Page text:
9. MarkJ says:

    Might I suggest leaving a comment on the governor’s website? Even if the governor never reads it, maybe one of his staff will be moved by what you write.

    More basically, we need all the US bishops to start taking a firm and vocal stand against the prevailing culture. They need to incessantly speak out publicly to warn Catholics and all citizens of the grave consequences for individual souls and for the country and the world if we continue on the present course of rampant sexual immorality and if we continue the abominable acts of sacrificing millions of baby humans to the gods of pleasure and convenience (the savage Aztecs had nothing on us when it comes to human sacrifices!). As I see it, God gave us 40 years to remove the scourge of abortion from our land started by Roe v. Wade. Instead, we have re-elected the most pro-abortion and anti-Catholic politician in US history. May God have mercy on us, and may the Bishops finally and fearlessly proclaim the Gospel for all to hear!

  10. Dr. Edward Peters says:

    I didn’t explain who “Quinn” was?

    I wrote “A few weeks ago, for example, it was Let’s excommunicate Illinois Gov. Pat Quinn for supporting ‘gay marriage’.” Might want to read the whole post, and not just an excerpt, before telling folks what I did or didn’t do. :) edp.

  11. Dr. Edward Peters says:

    exactly right, mamajen. exactly right.

  12. LisaP. says:

    I sometimes listen to talk radio out of Denver, and a few days ago I was shocked — shocked — to hear on the news — the news — two different stories coming from Archbishop Aquila. One was a statement that the new civil unions law coming in Colorado can shut down Catholic adoption. The other was his personal story about witnessing an abortion and seeing that the aborted fetus was a human child. Here I thought Archbishop Chaput was the troublemaker! I think lifesite news has the story.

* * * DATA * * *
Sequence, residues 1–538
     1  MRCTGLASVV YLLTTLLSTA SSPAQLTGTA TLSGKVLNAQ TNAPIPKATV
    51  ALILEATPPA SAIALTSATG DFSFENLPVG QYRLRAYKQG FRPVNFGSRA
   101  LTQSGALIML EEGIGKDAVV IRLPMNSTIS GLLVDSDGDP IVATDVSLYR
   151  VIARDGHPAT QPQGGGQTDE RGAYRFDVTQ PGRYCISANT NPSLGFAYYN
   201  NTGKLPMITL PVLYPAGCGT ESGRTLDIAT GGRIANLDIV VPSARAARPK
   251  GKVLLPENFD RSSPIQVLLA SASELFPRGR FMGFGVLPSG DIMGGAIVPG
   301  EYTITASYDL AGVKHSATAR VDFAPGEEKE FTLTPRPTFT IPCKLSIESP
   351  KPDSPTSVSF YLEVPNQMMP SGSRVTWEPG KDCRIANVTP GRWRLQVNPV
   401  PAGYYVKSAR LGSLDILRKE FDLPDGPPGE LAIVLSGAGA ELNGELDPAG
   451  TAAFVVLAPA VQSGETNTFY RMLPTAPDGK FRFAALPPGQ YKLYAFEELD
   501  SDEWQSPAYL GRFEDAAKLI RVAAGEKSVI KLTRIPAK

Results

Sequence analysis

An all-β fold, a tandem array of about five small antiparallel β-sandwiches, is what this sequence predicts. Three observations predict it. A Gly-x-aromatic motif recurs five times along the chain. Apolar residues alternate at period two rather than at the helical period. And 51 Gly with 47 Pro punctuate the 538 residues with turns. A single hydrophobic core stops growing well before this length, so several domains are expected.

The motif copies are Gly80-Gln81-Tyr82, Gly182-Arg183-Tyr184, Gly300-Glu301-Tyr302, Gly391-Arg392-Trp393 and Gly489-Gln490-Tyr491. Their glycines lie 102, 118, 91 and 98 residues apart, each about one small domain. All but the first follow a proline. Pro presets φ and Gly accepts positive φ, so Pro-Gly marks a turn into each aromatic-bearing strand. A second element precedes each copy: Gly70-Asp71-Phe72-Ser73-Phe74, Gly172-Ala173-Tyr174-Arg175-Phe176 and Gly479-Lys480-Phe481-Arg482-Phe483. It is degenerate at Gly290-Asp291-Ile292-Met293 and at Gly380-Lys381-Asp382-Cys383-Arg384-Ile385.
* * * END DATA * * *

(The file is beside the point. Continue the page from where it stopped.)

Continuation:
This sort of thing is enough. I don’t care which way bishops make it clear what is right and wrong in our culture. It would be great if they could each have their own ways, spread out and take it on. But do it *some* way.

  13. tealady24 says:

    Why this type of behavior (overt proclaiming of abortion and gay “marriage”) is not condemned by ALL bishops and cardinals in the U.S. is just beyond me!
    Andrew learned well at the knee of father Mario. Disgraces, all!

  14. frjim4321 says:

    We get the priests and bishops we deserve.

    I don’t know if that statement works on all possible levels.

    If you could argue that Catholics have the right to the sacrament (as some do) you would think that in one sense people “deserve” priests. And yet we know that on any given Sunday millions of Catholics are deprived of the sacraments. So are we saying here that they don’t “deserve” priests?

  15. Anne 2 says:

    This article goes to prove that even people who call themselves “experts” can be wrong.
    Everything I have seen on blogs calling for public (ad homine) excommunication – has not only to do with the grave sin involved – BUT the public and mortal sin of SCANDAL.
    Scandal leads to the loss of Souls, as well as relativism within the Church.
    Bishops rarely address SCANDAL, SCHISM and HERESY in their public teaching and public dealing with errant politicians.
    Again – “Can. 1399 In addition to the cases established here or in other laws, the external violation of a divine or canonical law can be punished by a just penalty only when the special gravity of the violation demands punishment and there is an urgent need to prevent or repair scandals.”
    I would recommend that if any US Bishops need advice or have quesitons about public scandal withn his Diocese and the Canon Law means available to him that he contact: Canon Lawyer Raymond L. Burke, – Cardinal Prefect of the Supreme Tribunal of the Apostolic Signatura. I’m certain he will provide the best and legal way to handle scandalous politicians. He does not make his living protecting Bishops who do not do their jobs.